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I Am Israel - Documentary Film

 ISRAEL’S NEXT WAR

“And you will hear of wars, and rumours of wars…” – Jesus of Nazareth (Matthew 24:6a)

by Dr. John Tweedie, Chairman Christians for Israel International

Israel’s most senior government officials have been engaged in a flurry of political activity in recent weeks. Prime Minister Benjamin Netanyahu flew to Russia where he again pleaded with Russian leaders not to supply Iran with sophisticated anti-aircraft missile defense systems. Meanwhile, Defense Minister, Ehud Barak, was in Washington, D.C. at the beginning of March where he told a think tank that, if attacked, Israel would return fire at the source of the problem, rather than waste time chasing after “individual terrorists.” Barak was sending a clear warning to the leaders of Syria and Iran, the state sponsors of terror. Should it come to war, they would find themselves in the crosshairs of any Israeli response.

Having been embroiled in two conflicts of short duration in recent years, the battle against Hizb’allah in Lebanon in 2006, and the more recent fight with Hamas in Gaza in late 2008/early 2009 (Operation Cast Lead), Israeli leaders know that the next war will have serious implications for Israel and her neighbours, making all previous conflicts seem pale by comparison. For one thing, Hamas and Hizb’allah boast of having new missiles capable of reaching all Israeli population centres, including Jerusalem and Tel Aviv, the nation’s core.
Well aware of this, Barak was making the leaders of Syria and Iran aware that they would pay the heaviest price should it come to all-out war.

Political Doubletalk
Yet, even as all this pre-war rhetoric was filling the media airwaves my attention was drawn to another headline: US backs off speedy Iran sanctions promised Israel. (Source: DEBKA file). The article went on to say that Washington had eased the threat of harsh sanctions hanging over Iran’s head over its nuclear program just as it was beginning to take effect. This abrupt reversal took place soon after Ehud Barak had left Washington and was heading home after he had received assurances from US administration officials that a new round of tough sanctions on Iran would be in place by the end of March. However, no sooner was his plane in the air when Hilary Clinton, The US Secretary of State, was telling reporters on her plane to Buenos Aires: “We are moving expeditiously and thoroughly in the Security Council. I can’t give you an exact date, but I would assume some time in the next several months.” Translation: Iran: you may proceed full speed ahead in your pursuit of nuclear weapons. The U.S. has other priorities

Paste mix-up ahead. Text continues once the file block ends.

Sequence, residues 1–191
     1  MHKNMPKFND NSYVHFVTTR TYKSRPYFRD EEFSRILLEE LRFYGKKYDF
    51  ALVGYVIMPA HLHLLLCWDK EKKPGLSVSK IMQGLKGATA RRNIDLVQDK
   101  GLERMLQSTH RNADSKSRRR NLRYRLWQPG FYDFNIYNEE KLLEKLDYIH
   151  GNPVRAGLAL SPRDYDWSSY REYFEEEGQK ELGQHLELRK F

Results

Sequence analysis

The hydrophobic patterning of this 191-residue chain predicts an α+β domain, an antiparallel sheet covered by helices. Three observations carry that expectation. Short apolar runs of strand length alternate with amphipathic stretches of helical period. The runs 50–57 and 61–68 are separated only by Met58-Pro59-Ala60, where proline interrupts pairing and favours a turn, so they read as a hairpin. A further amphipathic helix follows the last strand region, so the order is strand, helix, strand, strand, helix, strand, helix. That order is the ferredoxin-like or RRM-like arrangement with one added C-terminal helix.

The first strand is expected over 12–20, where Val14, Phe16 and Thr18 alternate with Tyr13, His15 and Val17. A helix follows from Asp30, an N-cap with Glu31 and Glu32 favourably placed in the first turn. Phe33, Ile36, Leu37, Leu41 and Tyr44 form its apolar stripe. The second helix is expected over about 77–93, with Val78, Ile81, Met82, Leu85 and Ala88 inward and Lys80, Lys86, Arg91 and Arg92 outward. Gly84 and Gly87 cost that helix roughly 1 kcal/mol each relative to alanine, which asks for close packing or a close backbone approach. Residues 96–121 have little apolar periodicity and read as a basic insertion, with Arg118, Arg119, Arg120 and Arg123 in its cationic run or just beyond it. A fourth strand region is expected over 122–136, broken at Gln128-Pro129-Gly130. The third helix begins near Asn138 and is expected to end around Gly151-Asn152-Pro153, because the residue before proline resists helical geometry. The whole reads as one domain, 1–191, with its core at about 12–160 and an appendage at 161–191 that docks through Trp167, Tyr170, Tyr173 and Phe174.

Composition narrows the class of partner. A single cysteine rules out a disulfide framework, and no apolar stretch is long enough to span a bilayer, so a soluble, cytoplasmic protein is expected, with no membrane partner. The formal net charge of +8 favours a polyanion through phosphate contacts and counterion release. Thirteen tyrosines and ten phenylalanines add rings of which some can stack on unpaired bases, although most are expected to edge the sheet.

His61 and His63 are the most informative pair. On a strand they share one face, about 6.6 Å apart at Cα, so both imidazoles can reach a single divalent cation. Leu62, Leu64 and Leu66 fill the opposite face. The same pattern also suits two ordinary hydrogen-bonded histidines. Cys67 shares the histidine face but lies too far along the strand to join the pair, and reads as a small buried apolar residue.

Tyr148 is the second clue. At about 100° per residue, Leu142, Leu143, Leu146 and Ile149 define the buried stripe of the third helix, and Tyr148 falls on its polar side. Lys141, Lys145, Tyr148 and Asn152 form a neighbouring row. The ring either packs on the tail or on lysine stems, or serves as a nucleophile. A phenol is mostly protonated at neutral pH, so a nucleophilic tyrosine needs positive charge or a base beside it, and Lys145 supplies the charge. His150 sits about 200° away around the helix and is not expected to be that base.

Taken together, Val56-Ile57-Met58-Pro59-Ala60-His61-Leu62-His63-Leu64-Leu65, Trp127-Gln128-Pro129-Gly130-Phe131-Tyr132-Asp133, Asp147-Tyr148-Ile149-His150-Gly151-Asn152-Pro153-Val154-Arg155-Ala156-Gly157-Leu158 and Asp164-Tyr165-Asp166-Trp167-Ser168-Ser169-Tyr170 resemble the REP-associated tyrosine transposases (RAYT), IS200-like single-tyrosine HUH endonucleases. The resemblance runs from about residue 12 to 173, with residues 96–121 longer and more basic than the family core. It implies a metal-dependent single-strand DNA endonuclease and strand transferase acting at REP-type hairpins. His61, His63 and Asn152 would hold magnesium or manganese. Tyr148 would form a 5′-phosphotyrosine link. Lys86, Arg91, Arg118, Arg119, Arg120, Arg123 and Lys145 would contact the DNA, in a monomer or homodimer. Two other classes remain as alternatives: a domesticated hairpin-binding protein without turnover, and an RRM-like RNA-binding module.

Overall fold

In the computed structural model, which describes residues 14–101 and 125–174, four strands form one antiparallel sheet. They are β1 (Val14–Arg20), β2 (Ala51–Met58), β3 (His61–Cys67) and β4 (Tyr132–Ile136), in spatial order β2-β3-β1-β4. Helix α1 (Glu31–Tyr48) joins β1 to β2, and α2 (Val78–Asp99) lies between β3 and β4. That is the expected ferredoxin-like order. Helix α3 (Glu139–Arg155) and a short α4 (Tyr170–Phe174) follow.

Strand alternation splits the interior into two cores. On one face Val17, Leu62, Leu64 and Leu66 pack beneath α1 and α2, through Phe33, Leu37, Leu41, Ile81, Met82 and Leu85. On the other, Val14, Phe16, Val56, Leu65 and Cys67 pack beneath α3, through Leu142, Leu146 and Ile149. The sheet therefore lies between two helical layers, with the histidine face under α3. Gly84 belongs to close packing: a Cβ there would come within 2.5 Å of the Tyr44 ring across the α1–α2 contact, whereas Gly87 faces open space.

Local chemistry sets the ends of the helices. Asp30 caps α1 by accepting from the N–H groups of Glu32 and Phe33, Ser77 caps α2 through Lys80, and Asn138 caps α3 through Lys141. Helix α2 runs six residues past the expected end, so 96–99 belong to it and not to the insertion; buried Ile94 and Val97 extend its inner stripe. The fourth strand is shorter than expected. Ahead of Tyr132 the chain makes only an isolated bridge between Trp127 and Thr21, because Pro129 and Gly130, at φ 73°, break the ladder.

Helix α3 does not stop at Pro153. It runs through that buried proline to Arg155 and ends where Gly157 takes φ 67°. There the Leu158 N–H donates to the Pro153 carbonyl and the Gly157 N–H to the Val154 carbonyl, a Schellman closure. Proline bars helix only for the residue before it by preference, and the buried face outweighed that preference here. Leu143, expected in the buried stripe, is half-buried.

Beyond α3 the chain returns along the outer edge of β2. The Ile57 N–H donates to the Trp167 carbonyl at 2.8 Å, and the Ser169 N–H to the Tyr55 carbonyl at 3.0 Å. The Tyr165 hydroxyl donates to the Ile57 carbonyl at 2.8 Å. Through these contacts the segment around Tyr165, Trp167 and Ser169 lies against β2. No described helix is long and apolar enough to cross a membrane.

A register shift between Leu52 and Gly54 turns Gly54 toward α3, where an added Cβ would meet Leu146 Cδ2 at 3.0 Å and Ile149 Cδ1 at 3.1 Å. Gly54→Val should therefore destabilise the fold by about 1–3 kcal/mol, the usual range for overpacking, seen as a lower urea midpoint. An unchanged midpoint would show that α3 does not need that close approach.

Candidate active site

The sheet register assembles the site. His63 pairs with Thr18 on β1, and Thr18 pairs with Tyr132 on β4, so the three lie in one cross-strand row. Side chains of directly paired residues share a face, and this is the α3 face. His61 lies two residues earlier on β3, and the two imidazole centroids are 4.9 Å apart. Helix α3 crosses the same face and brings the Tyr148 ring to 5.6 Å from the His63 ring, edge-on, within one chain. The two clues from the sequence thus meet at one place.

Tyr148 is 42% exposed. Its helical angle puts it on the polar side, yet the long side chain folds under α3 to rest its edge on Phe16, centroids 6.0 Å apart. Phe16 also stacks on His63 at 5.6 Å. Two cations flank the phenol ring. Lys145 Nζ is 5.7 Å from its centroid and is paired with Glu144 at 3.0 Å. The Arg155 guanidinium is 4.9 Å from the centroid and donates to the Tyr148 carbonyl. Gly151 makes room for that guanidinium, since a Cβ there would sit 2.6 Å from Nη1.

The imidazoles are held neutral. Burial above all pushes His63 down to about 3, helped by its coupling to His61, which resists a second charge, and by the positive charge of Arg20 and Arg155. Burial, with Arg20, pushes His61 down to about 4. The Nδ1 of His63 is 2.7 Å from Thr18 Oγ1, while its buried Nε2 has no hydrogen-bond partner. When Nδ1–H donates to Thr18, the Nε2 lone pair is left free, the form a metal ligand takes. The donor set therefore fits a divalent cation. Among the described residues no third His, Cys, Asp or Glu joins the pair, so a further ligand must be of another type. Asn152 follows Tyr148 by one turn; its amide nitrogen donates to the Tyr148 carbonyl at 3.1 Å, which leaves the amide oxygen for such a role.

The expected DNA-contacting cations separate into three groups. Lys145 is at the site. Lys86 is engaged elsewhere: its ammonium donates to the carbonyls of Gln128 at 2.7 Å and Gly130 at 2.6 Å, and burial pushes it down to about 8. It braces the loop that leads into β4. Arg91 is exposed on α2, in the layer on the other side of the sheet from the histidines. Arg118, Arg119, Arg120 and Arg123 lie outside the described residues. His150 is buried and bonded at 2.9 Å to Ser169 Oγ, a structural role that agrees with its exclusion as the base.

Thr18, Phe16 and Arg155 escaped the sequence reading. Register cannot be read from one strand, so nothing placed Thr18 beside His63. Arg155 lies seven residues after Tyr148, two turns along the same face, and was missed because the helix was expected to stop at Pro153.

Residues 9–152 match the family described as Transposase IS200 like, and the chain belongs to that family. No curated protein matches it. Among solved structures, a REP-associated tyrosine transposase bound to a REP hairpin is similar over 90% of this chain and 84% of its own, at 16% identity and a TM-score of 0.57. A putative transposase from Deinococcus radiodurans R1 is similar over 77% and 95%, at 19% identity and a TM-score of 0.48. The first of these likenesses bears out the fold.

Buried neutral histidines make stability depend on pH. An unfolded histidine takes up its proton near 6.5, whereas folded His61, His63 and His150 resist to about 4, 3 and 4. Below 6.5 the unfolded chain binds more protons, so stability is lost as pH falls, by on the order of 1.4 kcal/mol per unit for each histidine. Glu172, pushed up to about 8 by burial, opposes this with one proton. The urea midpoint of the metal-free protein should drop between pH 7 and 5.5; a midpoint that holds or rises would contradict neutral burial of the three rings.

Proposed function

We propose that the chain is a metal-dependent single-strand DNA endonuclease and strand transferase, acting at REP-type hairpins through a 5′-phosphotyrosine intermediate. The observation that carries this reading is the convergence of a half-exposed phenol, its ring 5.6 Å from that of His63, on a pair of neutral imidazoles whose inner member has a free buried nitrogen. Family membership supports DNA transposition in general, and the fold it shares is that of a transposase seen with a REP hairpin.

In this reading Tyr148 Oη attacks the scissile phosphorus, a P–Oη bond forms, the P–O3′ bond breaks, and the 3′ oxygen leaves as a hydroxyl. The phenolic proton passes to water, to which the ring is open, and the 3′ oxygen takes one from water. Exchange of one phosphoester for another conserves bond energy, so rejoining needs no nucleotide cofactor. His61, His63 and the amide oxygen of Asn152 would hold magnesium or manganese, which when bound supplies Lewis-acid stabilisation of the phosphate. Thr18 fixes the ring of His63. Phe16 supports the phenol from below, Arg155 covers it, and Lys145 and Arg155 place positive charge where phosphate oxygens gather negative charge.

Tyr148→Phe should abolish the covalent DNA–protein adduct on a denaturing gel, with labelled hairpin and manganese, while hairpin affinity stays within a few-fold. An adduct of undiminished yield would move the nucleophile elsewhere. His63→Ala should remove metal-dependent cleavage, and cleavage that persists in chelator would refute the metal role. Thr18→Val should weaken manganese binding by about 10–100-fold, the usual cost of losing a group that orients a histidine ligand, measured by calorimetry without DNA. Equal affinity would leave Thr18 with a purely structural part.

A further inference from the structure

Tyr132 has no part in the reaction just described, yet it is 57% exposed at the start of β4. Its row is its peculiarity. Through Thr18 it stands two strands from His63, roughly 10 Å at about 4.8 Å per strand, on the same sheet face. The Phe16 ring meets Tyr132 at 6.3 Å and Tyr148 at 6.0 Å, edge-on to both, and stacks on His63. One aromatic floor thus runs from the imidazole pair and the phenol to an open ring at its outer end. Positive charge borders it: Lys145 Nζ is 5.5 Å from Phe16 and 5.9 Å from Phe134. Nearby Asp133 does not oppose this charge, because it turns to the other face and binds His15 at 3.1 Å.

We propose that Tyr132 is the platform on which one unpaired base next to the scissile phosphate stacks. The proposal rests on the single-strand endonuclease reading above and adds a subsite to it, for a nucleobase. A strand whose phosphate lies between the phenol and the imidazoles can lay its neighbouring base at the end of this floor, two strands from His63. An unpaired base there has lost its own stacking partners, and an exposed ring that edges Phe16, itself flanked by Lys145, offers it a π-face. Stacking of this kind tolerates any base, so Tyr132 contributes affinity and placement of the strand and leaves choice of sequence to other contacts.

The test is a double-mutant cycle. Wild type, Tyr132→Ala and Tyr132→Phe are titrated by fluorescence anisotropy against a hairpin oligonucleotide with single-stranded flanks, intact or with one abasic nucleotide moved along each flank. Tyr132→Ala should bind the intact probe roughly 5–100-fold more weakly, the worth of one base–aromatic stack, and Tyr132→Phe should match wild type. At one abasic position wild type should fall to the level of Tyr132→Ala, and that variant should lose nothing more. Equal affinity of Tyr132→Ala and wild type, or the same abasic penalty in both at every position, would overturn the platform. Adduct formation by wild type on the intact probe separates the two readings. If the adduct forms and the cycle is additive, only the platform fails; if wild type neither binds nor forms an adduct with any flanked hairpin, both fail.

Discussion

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Plotting Israel’s Demise
All this was going on as the president of Iran, Mahmoud Ahmadinejad, was in Damascus for a three way tete-a-tete with Syria’s president Bashar Assad and Hizb’allah’s leader, Hassan Nasrallah, what might be called a three-ringed circus to plot Israel’s demise. As expected, the Iranian president used the occasion to remind Israel of her imminent destruction. While it is easy to dismiss these repeated threats against Israel as the ravings of a fanatic, Ahmadinejad is the president of a rogue state on the verge of acquiring weapons of mass destruction. He may already have them. He appears to have the missile systems to deliver them. The greater worry, of course, is that should he acquire them, he could then hand them to his Hamas and Hizb’allah terrorist proxies, leaving them to carry out his dirty work. Israeli leaders understand this, hence Barak’s warning of Israel’s long reach.

The Trigger